the inclusion of Biometric Identifiers in travel documents (EUR 20823 EN, 2003).
The current US security policy regarding biometrics is mainly based on two
decisions:
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• After the 30 September 2004, all foreigners (even those from the 27
Countries listed in the visa waiver programme - VWP) will have to accept to
provide a high resolution digital picture of their face and their fingerprints;
• U.S. law initially required citizens of VWP countries to have machine-
readable biometric passports by October 26, 2004; Congress extended the
deadline for biometric requirements in VWP passports to October 26, 2005
to allow more time to resolve technical issues.
In May 2003 the ICAO (International Civil Aviation Organisation) published new
standards for MRTD (machine readable travel documents) in order to introduce
biometric technologies. These standards are in line with the US initiative. The face
has been selected as the primary biometric, in the form of a high-resolution
digitalised image which will be stored on a contactless chip, in order to facilitate
global interoperability in border-control identification.
The topic of biometrics is not a new one for the European institutions. A Council
regulation was adopted (December 2000) for the establishment of “EURODAC”
which is a fingerprint database of asylum seekers and illegal immigrants. The
European Council of Thessaloniki (June 2003) agreed to go ahead with biometric
identifiers in third country nationals’ visas and citizens’ passports. As a
consequence, of the Council conclusions it proposed to introduce biometric data
into travel documents in order to improve the accuracy of identification and make
travel documents more secure against counterfeiting.
Regarding the European agenda, five proposals from the EU institutions constitute
the main European platform for the introduction of biometric identifiers:
1. 24 September 2003:
Proposal for a Council regulation amending (EC)1683/95
(uniform format for VISA) and (EC)1030/02 (uniform format for residence
permits);
2. 8 June 2004:
Council decision (2004/512/EC) establishing the VISA
Information System (VIS);
3. 13 December 2004
: Council regulation (EC) 2252/2004 on standards for
security features and biometrics in passports and travel documents issued by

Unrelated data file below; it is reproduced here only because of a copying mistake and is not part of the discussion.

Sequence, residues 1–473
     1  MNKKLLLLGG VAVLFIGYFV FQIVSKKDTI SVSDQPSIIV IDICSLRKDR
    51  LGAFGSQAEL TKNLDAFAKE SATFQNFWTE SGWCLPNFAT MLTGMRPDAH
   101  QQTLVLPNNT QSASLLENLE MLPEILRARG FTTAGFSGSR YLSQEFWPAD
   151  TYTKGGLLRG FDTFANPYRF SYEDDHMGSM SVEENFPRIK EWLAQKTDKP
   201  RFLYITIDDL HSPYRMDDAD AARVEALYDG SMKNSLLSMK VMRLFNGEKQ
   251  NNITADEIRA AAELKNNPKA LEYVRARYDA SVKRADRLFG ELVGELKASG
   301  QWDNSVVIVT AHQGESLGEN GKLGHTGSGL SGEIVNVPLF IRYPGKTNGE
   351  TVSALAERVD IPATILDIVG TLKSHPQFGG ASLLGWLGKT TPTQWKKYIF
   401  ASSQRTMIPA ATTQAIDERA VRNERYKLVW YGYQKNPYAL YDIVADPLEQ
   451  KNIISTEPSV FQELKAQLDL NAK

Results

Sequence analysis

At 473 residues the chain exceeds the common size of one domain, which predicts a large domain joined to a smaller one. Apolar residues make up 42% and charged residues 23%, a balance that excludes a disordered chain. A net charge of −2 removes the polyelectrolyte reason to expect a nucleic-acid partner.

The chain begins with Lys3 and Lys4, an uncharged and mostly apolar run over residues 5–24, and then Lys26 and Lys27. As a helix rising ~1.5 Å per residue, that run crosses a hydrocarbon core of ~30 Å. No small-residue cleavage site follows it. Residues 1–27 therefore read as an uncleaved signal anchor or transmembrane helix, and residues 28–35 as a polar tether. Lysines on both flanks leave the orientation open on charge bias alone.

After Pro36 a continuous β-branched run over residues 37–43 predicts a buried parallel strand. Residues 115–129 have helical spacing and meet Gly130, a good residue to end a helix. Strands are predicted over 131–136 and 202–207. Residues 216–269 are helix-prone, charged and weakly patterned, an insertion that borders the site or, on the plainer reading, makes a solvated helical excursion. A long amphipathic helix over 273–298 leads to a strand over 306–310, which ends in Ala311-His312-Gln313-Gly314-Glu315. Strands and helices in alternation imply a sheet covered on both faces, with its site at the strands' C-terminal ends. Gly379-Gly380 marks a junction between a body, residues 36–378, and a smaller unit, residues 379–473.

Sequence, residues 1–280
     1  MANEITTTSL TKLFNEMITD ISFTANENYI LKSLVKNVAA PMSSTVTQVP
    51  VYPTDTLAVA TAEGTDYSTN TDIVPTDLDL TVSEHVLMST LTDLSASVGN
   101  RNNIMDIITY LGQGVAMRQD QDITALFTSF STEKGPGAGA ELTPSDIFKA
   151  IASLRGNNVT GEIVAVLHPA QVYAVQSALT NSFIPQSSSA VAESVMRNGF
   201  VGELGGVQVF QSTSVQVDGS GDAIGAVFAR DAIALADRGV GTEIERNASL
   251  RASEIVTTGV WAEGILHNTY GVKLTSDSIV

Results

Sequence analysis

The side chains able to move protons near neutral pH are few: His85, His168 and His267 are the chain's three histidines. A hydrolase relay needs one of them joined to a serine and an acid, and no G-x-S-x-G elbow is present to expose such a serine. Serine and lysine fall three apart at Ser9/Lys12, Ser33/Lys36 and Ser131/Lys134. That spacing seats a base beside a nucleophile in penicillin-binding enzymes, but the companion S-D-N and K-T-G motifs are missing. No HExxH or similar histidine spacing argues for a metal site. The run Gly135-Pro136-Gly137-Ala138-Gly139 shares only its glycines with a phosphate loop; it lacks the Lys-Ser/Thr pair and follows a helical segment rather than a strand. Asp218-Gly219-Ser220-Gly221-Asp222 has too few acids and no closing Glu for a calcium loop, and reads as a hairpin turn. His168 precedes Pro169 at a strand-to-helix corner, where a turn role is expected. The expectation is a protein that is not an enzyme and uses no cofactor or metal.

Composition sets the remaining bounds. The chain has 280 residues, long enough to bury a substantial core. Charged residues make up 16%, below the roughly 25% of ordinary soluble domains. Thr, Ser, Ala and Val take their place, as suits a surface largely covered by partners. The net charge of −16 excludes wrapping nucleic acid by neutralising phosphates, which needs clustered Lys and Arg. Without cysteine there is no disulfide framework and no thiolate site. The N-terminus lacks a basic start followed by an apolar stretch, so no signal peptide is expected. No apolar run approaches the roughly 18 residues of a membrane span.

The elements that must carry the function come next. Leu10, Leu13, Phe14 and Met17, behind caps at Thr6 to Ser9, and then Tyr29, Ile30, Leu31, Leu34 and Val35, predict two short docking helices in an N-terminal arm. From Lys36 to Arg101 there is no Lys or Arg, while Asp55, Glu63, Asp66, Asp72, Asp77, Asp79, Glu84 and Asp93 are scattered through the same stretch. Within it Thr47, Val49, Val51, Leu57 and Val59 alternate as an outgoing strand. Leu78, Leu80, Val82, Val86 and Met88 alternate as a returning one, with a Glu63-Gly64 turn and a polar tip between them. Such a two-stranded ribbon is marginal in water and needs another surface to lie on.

Member States;
4. 28 December 2004
: Proposal for a Regulation of the European Parliament and
of the Council concerning the Visa Information System (VIS) and the
exchange of data between Member States on short stay-visas, COM(2004) 835
final;
5. 28 February 2005
: Commission decision C(2005) 409 laying down the
technical specifications on the standards for security features and biometrics in
passports and travel documents issued by Member States.

The European Parliament, which had previously rejected the Commission’s
proposal (April, 19, 2004), passed the new proposal on December 2, 2004
stipulating that biometric data should only be used for verifying the authenticity of
the passport and should be handled only by competent authorities
2
.


2
EurActiv 15, Dec04: http://www.euractiv.com/Article?tcmuri=tcm:29-133440-16&type=News
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Report Structure
This brief introduction continues by presenting four scenarios which exemplify
biometric use in the not so distant future. The main body of the text is then
structured in five parts. Chapter 1 introduces the key concepts: what biometrics are,
how they work, and for what purposes they can be used. It also briefly introduces
four issues which are prominent in the discussion on biometrics: security, privacy,
interoperability and cost.
Chapter 2 provides specificities of biometric technological systems and touches
upon the medical aspects of biometrics. Also, Chapter 2 briefly introduces four
main biometric modalities: face, fingerprint, and DNA. The advantages and
disadvantages of using combinations of these biometric technologies are also
explored.
Chapter 3 presents a detailed analysis of the social, legal, economic and
technological aspect of biometrics. On social issues, the report notes that biometrics
touch upon the trust model between citizen and state and that socio-demographic
and cultural differences, psychological factors and usability are important.
Economic aspects include the market side (growth of the sector main players), the
direct and indirect impact on the economy, as well as issues regarding intellectual
property rights. From a legal point of view, biometrics are evaluated with regard to
human rights, privacy and data protection legislation. Finally, from a technological
point of view, the technological challenges for Europe are reported.
Chapter 4 takes up the scenarios that are presented just below in the introduction. It
briefly analyses the scenarios which aim at illustrating current and future
challenges of the introduction of biometrics throughout society. The identified
issues lead to conclusions and policy recommendations developed in Chapter 5.
There are two annexes to this report. The first annex provides further information
on the four selected biometric technologies: face, fingerprint, iris and DNA. IN the
second Annex the questions originally posed by the European Parliament’s LIBE
Committee are presented and the areas of the report through which these have been
answered are highlighted. A glossary and list of references can be found at the end
of the report.


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SCENARIOS ON BIOMETRICS IN 2015

OBJECTIVE
Scenarios are one of the main tools for looking at possible futures. Rather than
predicting the future, they are used to stimulate discussions on identifying and